Among Signet's many competitive advantages, being the largest and only national firm (targeting the affordable diamond segment) in an otherwise fragmented industry gives it advantages with vendors and in overall pricing. Selling, general, and administrative overhead leverage, advertising costs, and better terms with landlords are also significant relative to independent retailers. The firm's selling, training, and credit underwriting process also combine to form additional advantages, although these are process advantages, not structural. Although Signet may be better than the rest, it is not impossible to imagine that these advantages could not be copied in the medium to long term. Signet's size is already equaled by department and discount chain stores, for example, even if those firms do not focus exclusively on jewelry and do not have a focused proprietary jewelry credit process.
Internet retailers are also a competitive threat but thus far have not significantly consolidated the jewelry industry. Sight, touch and feel, and trust (that goods are genuine) are all factors in jewelry retail, but both the positive and negative aspects of brand trust in Signet and Internet growth are already present in Signet's competitive position. In addition, Internet-only retailers have thus far found it difficult to reach similar credit uptake rates and underwriting standards, although this area could show increased competition in the long run.
Competition Among Risks
As a retailer, Signet runs the risk that competition in the industry will intensify. Although current business trends and strategies have sought to enhance customers' in-store experience, there is the risk that low-cost Internet-based retailers will continue to enter the market and take share, even at low returns on capital. In addition, some Internet retailers have begun to offer short-term credit; if successful, this poses a competitive threat. Signet also competes with department stores and discount stores' jewelry counters and with local independent jewelry retailers, which could cut prices if consolidation intensifies or liquidate inventory in an economic crisis.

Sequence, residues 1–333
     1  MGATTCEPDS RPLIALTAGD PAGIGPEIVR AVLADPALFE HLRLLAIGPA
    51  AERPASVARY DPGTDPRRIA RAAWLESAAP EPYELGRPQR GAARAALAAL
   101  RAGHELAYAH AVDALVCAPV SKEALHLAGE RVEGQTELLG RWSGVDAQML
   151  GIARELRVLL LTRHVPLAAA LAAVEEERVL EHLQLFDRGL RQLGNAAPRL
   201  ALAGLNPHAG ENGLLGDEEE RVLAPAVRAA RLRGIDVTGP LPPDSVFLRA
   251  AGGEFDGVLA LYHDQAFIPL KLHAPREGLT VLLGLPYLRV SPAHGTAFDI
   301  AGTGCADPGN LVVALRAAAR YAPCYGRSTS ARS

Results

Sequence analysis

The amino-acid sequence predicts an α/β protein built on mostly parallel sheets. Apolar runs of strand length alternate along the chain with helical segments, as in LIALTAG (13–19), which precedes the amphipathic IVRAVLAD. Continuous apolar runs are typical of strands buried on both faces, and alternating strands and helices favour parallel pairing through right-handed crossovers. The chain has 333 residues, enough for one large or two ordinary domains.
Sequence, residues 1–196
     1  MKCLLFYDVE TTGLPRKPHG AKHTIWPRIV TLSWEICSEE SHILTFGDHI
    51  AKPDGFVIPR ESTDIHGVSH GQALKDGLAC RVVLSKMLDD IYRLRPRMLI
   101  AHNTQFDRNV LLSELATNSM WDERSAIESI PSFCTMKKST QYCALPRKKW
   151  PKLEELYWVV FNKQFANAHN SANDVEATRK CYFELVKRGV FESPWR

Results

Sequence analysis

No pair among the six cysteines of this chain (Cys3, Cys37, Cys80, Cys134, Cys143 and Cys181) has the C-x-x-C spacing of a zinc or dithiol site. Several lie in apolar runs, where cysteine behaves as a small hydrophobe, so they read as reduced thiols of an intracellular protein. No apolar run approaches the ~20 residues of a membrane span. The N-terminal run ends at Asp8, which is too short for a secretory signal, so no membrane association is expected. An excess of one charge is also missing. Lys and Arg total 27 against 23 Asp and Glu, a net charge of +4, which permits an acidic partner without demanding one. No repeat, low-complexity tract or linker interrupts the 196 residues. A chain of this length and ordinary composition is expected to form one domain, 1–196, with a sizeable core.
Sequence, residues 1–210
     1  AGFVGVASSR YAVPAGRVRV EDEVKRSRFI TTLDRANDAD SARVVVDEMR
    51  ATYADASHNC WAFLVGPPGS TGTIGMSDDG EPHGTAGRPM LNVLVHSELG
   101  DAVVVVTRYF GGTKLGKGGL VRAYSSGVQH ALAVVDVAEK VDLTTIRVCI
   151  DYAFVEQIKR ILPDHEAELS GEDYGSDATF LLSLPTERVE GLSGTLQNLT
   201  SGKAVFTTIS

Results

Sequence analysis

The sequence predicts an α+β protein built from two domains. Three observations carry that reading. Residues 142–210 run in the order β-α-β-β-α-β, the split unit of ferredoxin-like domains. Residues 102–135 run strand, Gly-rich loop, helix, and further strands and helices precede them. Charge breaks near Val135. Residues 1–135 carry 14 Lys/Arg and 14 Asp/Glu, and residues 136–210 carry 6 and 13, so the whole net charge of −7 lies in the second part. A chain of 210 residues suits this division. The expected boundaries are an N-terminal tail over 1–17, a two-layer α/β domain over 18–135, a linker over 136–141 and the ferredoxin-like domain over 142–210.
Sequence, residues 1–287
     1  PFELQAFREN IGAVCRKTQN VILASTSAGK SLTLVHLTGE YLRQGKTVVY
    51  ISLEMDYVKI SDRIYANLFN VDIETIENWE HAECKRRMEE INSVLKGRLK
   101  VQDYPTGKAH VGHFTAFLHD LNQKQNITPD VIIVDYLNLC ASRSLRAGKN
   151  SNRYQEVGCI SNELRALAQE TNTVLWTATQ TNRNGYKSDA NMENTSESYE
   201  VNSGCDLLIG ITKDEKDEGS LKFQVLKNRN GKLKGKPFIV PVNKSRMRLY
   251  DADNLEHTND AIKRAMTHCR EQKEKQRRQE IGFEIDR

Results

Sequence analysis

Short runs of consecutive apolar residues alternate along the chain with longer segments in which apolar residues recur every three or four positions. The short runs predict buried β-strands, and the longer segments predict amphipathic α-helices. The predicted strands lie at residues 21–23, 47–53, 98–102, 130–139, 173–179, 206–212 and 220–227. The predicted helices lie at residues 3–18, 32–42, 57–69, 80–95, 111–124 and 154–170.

Signet has grown via acquisition, and its store base is made up of a number of different brands. There is the risk that one or more of the brands may suffer a loss in brand equity and a decline in brand image, causing a deterioration in operating metrics.
The integration of Zales entails significant risk in the long and the short run. Acquired stores may fall in productivity or require a greater level of investment than anticipated.
A significant portion of the firm's business is in diamonds and products linked to engagements. Demographic trends in formal marriage have shown modest declines in the U.S. and in Europe, while the jewelry industry has grown only at GDP-like rates. Signet runs the risk that consumers may change preferences for marriage rates or the practice of giving diamond engagement rings. Signet is also subject to changes in tastes and preferences for its brand and for its fashion and gift pieces.
In addition to investing in training and merchandising, Signet is opening new stores to expand. Store openings have inherent risks, such as finding the right location and forecasting sales and operating costs. Fixed rent costs can deleverage when sales decline.
Signet has good cash flow and a solid balance sheet. Although it does finance working capital internally, retaining receivables, buying inventory, and investing in new stores, it manages those cash needs mainly with existing cash and short-term facilities. We also believe that although the inventory may be less liquid than raw commodities, gold, silver, and diamond jewelry are assets that generally retain some value even in a distressed situation.
Paul Swinand does not own (actual or beneficial) shares in any of the securities mentioned above. Find out about Morningstar’s editorial policies.